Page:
Consumption of lycopene-rich tomatoes improved glucose homeostasis in rats via an increase in leptin levels.


Division of Food Function, Food Research Institute, NARO, 2-1-12, Kannondai, Tsukuba, Ibaraki, 305-8642, Japan. [Email]


The lycopene content of tomatoes is important because of its effects on vital physiological functions such as improvement of glucose tolerance and non-alcoholic fatty liver disease. To investigate the influence of the lycopene content of tomatoes on glucose tolerance and hepatic lipid content, homogenates of lycopene-rich (LR) or lycopene-free negative control (NC) tomato varieties were administrated to normal rats for 4 weeks. At the end of the experiment, an oral glucose tolerance test (OGTT) was performed. Rats were fed once and then dissected. According to the OGTT results, plasma glucose levels in the LR group were 10% and 9% lower at 15 min and 30 min, respectively, than those in the NC group, whereas plasma insulin levels did not differ between the groups at either time point. Upon dissection, plasma leptin levels in the LR group were higher than those in the NC group, while plasma adiponectin levels did not differ between groups. With the exception of retinol palmitate, no carotenoids were detected in the liver by HPLC analysis. Hepatic retinol palmitate levels and hepatic triacyl glyceride levels did not differ between the groups. We concluded that in normal rats, a lycopene-rich tomato variety improved glucose tolerance via an increase in plasma leptin levels that enhanced insulin sensitivity but did not affect carotenoid accumulation or lipid metabolism.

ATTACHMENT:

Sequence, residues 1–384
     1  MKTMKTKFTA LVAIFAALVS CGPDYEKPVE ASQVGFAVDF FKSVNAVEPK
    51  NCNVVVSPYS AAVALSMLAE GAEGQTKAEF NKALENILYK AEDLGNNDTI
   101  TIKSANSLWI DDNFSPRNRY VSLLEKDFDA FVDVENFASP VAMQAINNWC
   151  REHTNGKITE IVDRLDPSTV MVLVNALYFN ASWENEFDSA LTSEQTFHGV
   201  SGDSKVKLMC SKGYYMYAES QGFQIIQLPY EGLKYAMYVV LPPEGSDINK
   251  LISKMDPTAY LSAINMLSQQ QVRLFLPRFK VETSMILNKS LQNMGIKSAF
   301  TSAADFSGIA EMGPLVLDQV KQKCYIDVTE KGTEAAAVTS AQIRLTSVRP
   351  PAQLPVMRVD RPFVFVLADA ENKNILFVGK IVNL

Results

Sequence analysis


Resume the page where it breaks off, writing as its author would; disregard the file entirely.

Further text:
Glucose tolerance,Leptin,Lycopene,Rats,Tomato,